Drexel dragonThe Math ForumDonate to the Math Forum

Ask Dr. Math - Questions and Answers from our Archives
_____________________________________________
Associated Topics || Dr. Math Home || Search Dr. Math
_____________________________________________

Age Classifications


Date: 08/24/2001 at 14:55:38
From: Scott Ingwersen
Subject: Age classifications (i.e. septuagenarian)

Hello Dr. Math,

I'm trying to complete a table for age classes. So far, I have found:

quinquagenarian = 50s
sexagenarian = 60s
septuagenarian = 70s
octogenarian = 80s
nonagenarian = 90s

I could guess that someone in his or her forties is a tetragenarian, 
but do you have a more definitive answer for the gaps in my list? I'm 
also looking for 100s, or someone over 100 years of age, and if there 
is a definition for 110s? Are these Greek- or Latin-based?

Best Regards,
Scott Ingwersen


Date: 08/24/2001 at 16:46:37
From: Doctor Peterson
Subject: Re: Age classifications (i.e. septuagenarian)

Hi, Scott.

The "s" in "sexa" and "septua" tells us they are Latin (the Greek 
prefixes are "hexa" and "hepta"). (See our Dr. Math FAQ on Large 
Numbers, or Russ Rowlett's Names for Large Numbers at

   http://www.unc.edu/~rowlett/units/large.html   

and check your dictionary as well!) 

So I would expect the missing prefixes to come from Latin "decem" 
(10), "viginti" (20), "triginta" (30), and "quadraginta" (40). The 
"gen" part of your words parallels the "gint" part of the normal 
number prefixes, and means "tens"; for example, my dictionary says the 
Latin "quinquageni" meaning "fifty each" comes from "quinquaginta" 
meaning meaning "fifty". 

I did a Web search to find pages that might list Latin words of this 
form, and found

   http://www.geocities.com/Athens/Forum/6946/distributive.html   

   http://www.geocities.com/latingreeksite/numbers/numbers2.htm   

which tell me that the Latin words are "deni" (10), "viceni" (20), 
"triceni" (30), and "quadrageni" (40); so if the missing words 
existed, they would probably be

    denarian (teen)
    vicenarian (twenty-something)
    tricenarian (30+)
    quadragenarian (40+)

Checking my dictionary, I don't find these, though the last can be 
found on the Web, but we don't need these words since under-50's are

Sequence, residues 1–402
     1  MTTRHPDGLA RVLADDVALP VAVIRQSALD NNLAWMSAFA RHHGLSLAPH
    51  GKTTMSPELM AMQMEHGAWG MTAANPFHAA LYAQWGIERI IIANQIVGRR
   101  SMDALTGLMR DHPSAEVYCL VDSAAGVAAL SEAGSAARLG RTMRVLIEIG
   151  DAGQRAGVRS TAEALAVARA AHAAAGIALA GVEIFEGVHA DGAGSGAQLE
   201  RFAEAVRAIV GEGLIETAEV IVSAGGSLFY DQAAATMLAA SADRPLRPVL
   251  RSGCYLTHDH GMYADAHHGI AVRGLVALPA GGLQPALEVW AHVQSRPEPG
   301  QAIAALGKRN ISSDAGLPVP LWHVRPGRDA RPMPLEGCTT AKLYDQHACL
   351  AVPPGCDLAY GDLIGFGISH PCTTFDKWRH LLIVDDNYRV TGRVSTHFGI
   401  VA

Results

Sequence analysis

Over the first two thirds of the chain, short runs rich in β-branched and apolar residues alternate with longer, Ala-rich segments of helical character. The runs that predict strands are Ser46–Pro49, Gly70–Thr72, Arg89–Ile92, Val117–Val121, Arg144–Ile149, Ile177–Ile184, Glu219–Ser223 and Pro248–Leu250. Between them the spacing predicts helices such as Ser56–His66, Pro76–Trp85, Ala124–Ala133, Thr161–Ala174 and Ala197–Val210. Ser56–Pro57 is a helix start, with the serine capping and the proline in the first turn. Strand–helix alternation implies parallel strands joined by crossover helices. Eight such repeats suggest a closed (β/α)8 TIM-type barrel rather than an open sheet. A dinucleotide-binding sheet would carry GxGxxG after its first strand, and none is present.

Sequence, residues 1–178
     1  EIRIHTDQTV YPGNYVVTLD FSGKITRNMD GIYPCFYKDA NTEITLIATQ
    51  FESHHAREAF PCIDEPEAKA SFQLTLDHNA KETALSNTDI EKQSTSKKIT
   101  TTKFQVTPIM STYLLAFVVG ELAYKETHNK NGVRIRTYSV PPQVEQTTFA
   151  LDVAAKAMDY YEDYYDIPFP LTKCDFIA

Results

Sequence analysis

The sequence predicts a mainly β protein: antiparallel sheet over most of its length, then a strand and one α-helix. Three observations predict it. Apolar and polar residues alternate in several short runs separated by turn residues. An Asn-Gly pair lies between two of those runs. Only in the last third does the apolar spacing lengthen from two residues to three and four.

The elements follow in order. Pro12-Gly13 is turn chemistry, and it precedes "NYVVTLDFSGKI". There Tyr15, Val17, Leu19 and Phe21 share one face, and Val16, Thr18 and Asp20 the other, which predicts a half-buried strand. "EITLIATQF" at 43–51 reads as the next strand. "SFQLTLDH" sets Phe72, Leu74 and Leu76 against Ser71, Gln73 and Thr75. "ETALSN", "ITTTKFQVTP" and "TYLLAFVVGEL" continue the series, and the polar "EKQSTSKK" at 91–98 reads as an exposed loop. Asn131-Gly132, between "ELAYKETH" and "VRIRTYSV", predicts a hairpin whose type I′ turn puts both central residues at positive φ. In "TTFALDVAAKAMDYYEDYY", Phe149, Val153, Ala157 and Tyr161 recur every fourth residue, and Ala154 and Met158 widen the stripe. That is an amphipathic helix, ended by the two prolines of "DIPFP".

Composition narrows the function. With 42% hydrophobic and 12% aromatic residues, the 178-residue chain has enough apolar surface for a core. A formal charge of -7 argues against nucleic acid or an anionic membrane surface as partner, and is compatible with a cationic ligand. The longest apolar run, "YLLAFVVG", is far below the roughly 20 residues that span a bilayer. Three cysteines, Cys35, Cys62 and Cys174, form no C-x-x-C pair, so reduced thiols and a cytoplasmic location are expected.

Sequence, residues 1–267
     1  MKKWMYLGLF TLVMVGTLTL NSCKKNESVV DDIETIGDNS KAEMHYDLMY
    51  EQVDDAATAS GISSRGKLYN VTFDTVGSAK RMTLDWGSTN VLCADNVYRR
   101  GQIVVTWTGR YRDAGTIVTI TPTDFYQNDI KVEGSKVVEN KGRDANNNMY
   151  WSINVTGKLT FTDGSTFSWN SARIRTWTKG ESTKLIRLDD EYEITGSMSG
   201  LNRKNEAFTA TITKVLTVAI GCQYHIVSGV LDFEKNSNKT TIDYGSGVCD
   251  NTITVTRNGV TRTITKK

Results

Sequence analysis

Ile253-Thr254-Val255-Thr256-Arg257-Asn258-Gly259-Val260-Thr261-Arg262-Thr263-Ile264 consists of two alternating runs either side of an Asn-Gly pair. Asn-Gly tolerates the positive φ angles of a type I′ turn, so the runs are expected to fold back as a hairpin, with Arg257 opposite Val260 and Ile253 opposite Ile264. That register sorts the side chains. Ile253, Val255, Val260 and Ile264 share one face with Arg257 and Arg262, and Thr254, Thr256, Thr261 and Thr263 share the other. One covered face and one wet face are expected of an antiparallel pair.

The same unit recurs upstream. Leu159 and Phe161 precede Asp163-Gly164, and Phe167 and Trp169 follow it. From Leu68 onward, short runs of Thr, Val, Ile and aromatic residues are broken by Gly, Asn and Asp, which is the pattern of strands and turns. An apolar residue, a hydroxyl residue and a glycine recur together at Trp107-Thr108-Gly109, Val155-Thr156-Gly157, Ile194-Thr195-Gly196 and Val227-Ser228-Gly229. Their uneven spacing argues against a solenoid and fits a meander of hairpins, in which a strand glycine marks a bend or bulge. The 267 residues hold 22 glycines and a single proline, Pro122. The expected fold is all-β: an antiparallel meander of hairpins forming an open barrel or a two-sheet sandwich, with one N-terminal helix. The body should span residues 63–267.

not noteworthy.

A 100-year-old is a centenarian; I don't know of any standard way to 
form words for 110 and up. Perhaps, from the Latin, "centenidenarian" 
would do.

- Doctor Peterson, The Math Forum
  http://mathforum.org/dr.math/   


Date: 12/27/2001 at 06:15:40
From: Anthony Brancato
Subject: Age Classifications

Those 110 years old and up (no upper limit) are now referred to as 
"supercentenarians" (the first use of this word appears to have 
cropped up in 1991, in a book entitled _Generations_ by William 
Strauss and Neil Howe).  

Also, "quadragenarian" meaning someone in their 40s, used to appear 
in dictionaries until about 30 years ago, when it was dropped in most 
places.  I have never run across an individual word describing any  
age decade younger than 40.
    
Associated Topics:
Elementary Definitions
Elementary Large Numbers
Middle School Definitions

Search the Dr. Math Library:


Find items containing (put spaces between keywords):
 
Click only once for faster results:

[ Choose "whole words" when searching for a word like age.]

all keywords, in any order at least one, that exact phrase
parts of words whole words

Submit your own question to Dr. Math

[Privacy Policy] [Terms of Use]

_____________________________________
Math Forum Home || Math Library || Quick Reference || Math Forum Search
_____________________________________

Ask Dr. MathTM
© 1994-2013 The Math Forum
http://mathforum.org/dr.math/